This poster mused over life in hillside house with eyelash awnings beneath a teflon coated fiberglass fabric hat. It was a creative escape from my career as an Urban Designer in a world of crowded streets, steel, concrete, cars, busses and trains.
What if building designs went beyond curb appeal, status, style and ornament to help Nature regain a foothold in our day to day, where walls and roofs serve more like bones and tendons that join together in the surrounding life?
Let trees become old-growth forests that host a complexity of life. Sponge rainwater before it leaves the property to carry life through dry spells. Value topsoil at a price greater than gold and leave no dirt uncovered by green, so streams and rivers run clear. Compost human and animal waste for its safe return to gardens and fields. Intentionally create nesting spaces for swallows, swifts and other bird life. Let bigger critters hang out on the roof.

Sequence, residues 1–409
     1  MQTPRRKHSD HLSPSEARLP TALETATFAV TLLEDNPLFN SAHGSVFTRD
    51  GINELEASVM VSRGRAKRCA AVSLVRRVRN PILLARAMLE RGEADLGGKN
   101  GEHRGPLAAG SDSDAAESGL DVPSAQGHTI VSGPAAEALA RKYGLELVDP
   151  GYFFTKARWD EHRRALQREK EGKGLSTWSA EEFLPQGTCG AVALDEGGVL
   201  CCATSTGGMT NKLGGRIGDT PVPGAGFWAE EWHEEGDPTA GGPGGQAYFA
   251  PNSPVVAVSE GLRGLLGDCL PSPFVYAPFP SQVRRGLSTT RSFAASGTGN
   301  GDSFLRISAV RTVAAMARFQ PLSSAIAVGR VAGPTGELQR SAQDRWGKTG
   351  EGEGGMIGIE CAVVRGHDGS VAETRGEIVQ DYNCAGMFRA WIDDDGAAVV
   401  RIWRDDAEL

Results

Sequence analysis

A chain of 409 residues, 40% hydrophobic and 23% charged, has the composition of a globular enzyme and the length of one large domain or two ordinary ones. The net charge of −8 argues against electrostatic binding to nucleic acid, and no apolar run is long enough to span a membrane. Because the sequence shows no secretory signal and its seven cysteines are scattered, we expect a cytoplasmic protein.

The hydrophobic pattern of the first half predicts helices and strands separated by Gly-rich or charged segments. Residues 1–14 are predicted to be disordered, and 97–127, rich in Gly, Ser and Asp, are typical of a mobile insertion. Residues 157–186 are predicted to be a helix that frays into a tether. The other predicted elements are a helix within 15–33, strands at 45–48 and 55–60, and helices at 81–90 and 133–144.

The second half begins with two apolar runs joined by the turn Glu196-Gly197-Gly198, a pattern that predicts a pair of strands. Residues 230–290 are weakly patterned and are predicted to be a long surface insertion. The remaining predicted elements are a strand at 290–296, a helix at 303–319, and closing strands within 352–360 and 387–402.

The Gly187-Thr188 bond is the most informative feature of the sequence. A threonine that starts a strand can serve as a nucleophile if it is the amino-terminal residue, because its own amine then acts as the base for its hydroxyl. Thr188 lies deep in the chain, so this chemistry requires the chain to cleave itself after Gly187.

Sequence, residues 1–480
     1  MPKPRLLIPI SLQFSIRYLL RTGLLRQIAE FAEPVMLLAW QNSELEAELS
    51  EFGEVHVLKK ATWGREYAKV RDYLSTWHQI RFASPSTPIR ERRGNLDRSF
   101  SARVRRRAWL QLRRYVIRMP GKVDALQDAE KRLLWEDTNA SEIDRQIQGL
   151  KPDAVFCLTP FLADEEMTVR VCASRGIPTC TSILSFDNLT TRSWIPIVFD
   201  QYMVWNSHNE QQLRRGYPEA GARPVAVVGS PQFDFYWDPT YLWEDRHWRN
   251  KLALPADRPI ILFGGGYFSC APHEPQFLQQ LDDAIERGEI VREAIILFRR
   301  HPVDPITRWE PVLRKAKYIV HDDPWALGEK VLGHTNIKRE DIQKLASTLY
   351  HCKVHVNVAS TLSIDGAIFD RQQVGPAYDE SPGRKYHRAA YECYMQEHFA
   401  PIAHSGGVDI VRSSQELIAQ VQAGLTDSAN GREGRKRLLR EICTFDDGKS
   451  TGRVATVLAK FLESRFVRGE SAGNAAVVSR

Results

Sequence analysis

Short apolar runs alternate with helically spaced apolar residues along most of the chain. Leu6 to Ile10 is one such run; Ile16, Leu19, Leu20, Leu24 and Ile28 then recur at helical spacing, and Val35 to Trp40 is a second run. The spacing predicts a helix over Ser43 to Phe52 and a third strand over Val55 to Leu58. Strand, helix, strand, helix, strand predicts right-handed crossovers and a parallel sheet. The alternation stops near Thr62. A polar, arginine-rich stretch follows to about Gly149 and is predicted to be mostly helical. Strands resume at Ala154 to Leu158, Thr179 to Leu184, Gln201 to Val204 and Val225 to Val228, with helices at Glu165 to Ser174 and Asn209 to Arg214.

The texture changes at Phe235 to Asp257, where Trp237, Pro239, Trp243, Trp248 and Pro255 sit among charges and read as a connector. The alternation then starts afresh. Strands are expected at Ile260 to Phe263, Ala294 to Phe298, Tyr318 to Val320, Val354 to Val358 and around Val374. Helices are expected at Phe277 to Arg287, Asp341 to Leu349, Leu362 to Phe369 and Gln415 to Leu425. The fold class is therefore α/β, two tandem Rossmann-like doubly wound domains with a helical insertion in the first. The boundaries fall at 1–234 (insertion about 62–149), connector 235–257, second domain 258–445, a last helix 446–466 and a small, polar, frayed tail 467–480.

In the mid-1980's, notions about "sustainable" or "green" building design were still considered to be romantic coyote calls from the fringe. Nonetheless, as a personal journey, the poster embodied thoughts of the kind of future I wanted to live in - a place with lots of plants and animals working out life together.